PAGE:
Old San Juan, Puerto Rico may be small (around 7 square blocks), but there are still lots of attractions to see. You can easily spend a full day exploring the walled city of San Juan, but if you only have a few hours to spare, you can still get a feel for the place.
This self-guided walking tour of Old San Juan will be split into two parts. The first part will take you from near the cruise ship piers at the La Casita (Tourist Information Center) along the Paseo La Princesa, through the San Juan gate and then on to El Morro. In Part 2 we will then head back into Old San Juan and take you to La Fortaleza, the shopping district, San Cristobel Fort and back to the Tourist Information Center.
The first thing that you will notice about Old San Juan is that it is a walled city that looks today as it did 300 – 400 years ago, when the Spanish defended the city from the invading British. As you wander around the city, enjoy the Spanish colonial buildings that make up the heart of the city.
To orientate yourself, take a look at the Old San Juan map that highlights attractions and related articles.
The tour starts at the La Casita which is now the Tourist Information Center. The building is located close to the cruise ship piers at Plaza de la Darsena.This is a great place to start your tour of Old San Juan, as you can get information on attractions, maps, restaurants and more from the helpful staff (bilingual).
La Casita is open daily from 8am – 8pm, but the free drinks only start at 1pm and are not available on Thursday / Friday. 787-729-6777
Coqui bonus: Sample a free drink courtesy of ‘Rums of Puerto Rico’
Coqui note: On Saturday / Sunday (late afternoon / evening) the area around the La Casita is a popular spot as local artisans display their crafts and local musicians fill the air with traditional music.
Paseo La Princesa
From La Casita keep the San Juan bay on your left and head towards the Paseo La Princesa promenade. This is a tree lined walk (and one of my favorite spots) with gardens, benches, and street vendors. The promenade takes you along the outside of the city wall. The wall is impressive and you can see how it would be so imposing to anyone attempting to take the city by force. The wall is about 20ft thick raising to heights of around 60ft in places.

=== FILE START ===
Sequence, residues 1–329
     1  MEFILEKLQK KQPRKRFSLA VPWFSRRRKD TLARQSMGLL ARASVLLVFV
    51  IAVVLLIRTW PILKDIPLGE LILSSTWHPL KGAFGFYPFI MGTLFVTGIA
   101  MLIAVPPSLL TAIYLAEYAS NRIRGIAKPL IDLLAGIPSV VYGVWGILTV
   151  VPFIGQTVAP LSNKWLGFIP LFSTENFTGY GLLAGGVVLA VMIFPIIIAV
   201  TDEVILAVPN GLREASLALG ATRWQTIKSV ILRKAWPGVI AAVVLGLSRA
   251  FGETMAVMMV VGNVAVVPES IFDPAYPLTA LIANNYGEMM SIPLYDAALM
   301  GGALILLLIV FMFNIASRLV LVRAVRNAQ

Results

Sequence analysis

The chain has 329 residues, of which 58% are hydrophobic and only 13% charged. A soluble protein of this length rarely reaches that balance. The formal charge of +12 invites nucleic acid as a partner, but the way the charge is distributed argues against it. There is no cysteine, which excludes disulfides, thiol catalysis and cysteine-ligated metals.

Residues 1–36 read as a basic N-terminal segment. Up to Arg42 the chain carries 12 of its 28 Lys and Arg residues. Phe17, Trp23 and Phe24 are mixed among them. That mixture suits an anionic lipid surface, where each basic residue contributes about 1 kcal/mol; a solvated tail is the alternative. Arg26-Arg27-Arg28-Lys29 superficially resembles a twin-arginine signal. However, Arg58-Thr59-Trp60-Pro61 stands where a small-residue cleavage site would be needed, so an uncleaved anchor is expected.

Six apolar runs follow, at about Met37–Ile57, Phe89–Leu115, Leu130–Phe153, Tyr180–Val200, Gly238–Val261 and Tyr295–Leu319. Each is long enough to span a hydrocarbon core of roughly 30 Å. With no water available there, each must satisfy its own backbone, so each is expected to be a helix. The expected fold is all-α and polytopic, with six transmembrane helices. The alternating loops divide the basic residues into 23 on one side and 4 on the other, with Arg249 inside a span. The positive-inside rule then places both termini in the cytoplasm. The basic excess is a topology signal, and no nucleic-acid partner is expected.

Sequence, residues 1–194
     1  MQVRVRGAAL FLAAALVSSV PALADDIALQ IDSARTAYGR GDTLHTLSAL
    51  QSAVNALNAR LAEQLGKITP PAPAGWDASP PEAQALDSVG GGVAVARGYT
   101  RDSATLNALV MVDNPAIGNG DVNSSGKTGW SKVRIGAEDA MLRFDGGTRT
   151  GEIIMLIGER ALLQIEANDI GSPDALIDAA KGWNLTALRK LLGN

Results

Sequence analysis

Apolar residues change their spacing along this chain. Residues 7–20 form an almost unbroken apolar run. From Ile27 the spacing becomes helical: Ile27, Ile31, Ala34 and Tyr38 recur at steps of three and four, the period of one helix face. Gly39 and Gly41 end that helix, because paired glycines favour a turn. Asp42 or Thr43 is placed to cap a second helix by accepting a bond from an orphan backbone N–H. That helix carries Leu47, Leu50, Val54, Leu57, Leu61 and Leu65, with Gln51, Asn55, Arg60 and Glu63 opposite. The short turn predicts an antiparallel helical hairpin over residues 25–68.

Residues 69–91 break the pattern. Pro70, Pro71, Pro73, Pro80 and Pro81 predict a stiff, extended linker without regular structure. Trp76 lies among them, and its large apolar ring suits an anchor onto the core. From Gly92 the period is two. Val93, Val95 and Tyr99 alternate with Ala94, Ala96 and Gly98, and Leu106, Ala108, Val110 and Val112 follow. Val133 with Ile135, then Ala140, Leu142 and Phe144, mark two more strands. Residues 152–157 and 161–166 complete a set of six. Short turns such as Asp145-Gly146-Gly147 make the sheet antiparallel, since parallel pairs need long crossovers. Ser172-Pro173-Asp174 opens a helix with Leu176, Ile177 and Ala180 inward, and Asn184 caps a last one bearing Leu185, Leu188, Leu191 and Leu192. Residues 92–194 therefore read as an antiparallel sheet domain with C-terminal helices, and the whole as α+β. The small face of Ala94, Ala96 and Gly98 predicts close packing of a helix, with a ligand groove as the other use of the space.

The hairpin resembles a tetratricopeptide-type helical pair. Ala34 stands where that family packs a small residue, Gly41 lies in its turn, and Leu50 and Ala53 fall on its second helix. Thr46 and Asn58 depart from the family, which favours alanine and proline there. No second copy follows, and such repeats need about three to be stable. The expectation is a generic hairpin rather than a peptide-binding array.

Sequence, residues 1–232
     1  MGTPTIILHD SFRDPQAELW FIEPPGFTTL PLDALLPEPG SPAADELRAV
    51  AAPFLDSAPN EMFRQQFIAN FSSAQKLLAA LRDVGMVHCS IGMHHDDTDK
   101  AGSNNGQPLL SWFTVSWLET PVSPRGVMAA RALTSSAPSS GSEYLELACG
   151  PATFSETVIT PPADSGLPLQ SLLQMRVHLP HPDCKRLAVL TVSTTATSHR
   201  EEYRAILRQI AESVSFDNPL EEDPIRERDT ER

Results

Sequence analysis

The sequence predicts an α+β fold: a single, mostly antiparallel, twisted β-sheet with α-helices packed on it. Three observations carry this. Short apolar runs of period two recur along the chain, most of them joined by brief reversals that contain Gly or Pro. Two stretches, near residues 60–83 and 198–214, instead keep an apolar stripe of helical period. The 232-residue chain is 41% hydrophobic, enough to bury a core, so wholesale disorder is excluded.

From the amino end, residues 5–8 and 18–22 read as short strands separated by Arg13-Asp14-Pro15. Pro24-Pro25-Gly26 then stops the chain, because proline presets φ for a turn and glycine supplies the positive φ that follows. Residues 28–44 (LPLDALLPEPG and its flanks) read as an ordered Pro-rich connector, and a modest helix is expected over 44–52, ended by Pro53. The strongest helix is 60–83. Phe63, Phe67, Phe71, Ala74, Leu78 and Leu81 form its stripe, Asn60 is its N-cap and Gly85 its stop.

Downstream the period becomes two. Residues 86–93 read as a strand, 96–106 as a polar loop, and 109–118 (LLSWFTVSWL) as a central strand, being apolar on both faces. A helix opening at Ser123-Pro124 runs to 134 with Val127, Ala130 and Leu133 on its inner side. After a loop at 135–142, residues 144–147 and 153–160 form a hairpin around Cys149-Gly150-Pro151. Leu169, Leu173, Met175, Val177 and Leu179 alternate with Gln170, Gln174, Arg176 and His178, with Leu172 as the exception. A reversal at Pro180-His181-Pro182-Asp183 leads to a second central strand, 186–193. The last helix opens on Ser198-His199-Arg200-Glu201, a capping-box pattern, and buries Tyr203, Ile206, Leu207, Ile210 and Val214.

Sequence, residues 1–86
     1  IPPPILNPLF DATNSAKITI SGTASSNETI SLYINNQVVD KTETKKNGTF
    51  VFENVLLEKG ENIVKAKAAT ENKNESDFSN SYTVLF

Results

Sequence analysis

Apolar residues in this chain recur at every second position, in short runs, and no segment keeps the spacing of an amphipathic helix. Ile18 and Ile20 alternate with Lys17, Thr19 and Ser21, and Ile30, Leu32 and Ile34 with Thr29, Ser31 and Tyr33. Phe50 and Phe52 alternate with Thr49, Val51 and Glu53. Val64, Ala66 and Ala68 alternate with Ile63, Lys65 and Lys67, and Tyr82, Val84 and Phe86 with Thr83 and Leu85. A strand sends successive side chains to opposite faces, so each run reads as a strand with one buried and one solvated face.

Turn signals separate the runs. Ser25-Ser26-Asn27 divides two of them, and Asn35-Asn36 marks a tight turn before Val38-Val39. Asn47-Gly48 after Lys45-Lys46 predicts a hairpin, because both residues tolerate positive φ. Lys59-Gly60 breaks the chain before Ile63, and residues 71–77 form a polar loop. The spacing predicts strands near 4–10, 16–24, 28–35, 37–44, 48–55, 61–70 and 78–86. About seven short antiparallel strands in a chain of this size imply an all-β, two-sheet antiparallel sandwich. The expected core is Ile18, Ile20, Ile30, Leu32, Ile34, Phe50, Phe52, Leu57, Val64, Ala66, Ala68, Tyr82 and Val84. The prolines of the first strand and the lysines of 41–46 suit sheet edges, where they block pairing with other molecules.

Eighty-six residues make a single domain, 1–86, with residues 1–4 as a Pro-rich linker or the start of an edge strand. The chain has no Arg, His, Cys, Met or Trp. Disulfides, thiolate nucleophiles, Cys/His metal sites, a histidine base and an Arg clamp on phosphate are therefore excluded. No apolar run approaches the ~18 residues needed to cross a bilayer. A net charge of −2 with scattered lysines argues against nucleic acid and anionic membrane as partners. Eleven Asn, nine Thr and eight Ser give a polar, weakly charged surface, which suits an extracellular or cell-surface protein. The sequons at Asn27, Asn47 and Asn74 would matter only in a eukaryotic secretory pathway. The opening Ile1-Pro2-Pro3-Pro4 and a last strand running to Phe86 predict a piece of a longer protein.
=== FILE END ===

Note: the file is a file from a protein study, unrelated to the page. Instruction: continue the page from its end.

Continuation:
Further along the promenade you will pass the Old San Juan Jail – La Princesa. No longer a jail, it is the home of the Puerto Rico Tourism Company. The building is open weekdays to the general public, where you can take a tour of the cells.
Continue past the jail towards the Raices fountain; a bronze sculpture fountain designed by Luis Sanguino. This is a great photo opportunity spot.
Past the fountain the Paseo La Princesa continues to follow the city wall and the San Juan Bay. The walkway curves to the right and leads you to The San Juan Gate (city gate).
At this point, you can continue to follow the walkway towards El Morro or head through the large city gate.
Coqui note: The walk towards El Morro is nice with some great photo opportunities of El Morro, but unfortunately it is a dead end and you will need to retrace your steps back to the San Juan Gate
San Juan Gate